Rich Woodson's Ellipsis

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Early to mid-2000s quintet that eschewed improvisation to navigate the thorough scoring of its leader's complex, convoluted charts.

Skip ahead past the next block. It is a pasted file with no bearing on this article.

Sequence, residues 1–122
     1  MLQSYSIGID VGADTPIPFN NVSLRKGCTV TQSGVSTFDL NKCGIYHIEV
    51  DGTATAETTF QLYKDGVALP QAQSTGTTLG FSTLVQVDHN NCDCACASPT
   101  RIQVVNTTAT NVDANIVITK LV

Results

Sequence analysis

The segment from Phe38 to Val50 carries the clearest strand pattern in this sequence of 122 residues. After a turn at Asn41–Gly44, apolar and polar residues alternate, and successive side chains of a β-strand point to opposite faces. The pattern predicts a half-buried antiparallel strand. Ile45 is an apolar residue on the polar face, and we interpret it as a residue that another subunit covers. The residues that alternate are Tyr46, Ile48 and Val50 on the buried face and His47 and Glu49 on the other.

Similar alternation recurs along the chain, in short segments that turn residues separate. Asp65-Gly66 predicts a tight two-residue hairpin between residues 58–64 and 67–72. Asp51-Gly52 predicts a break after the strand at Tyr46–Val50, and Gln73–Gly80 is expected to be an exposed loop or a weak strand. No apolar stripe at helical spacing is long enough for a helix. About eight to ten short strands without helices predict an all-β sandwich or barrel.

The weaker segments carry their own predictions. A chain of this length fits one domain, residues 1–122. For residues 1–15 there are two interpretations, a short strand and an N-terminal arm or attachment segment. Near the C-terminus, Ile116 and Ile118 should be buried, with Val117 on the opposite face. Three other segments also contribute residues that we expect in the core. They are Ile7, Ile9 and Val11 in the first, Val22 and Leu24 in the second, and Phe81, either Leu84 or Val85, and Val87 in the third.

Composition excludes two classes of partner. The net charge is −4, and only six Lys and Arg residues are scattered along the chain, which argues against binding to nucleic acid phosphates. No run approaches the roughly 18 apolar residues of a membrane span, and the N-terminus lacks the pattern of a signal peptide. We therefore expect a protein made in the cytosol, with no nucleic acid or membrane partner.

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Influenced by the likes of Tim Berne, Frank Zappa, and contemporary classical composer Charles Wuorinen, Brooklyn-based guitarist Rich Woodson traded his interest in hard rock and speed metal for a blend of creative jazz, avant metal, and contemporary chamber music textures in his Ellipsis quintet. Featuring Woodson along with drummer John Hollenbeck (Claudia Quintet), soprano saxophonist Peter Epstein, tenor saxophonist Aaron Stewart, and acoustic bassist Mat Fieldes, the group's recorded debut, Control and Resistance, arrived on the Cuneiform label in 2000. Across nine tracks and a total of 43 minutes, the ensemble maintained a herky-jerky momentum performing composer Woodson's head-spinningly brief and knotty multi-layered motifs in constantly permuting convolutions. The group's sophomore album, 2005's independently released The Nail That Stands Up Gets Pounded Down, featured Woodson again joined by Hollenbeck, Stewart, and Fieldes, but with clarinetist Anthony Burr replacing saxophonist Epstein. The Nail That Stands Up continued the conceptual thread of Control and Resistance, packing more of Woodson's ever-changing dense compositional textures into the album's 40-minute length. Although no further Ellipsis albums would be released, Woodson and company left fans of complex avant and experimental music with enough sonic material to warrant repeated listens for years to come.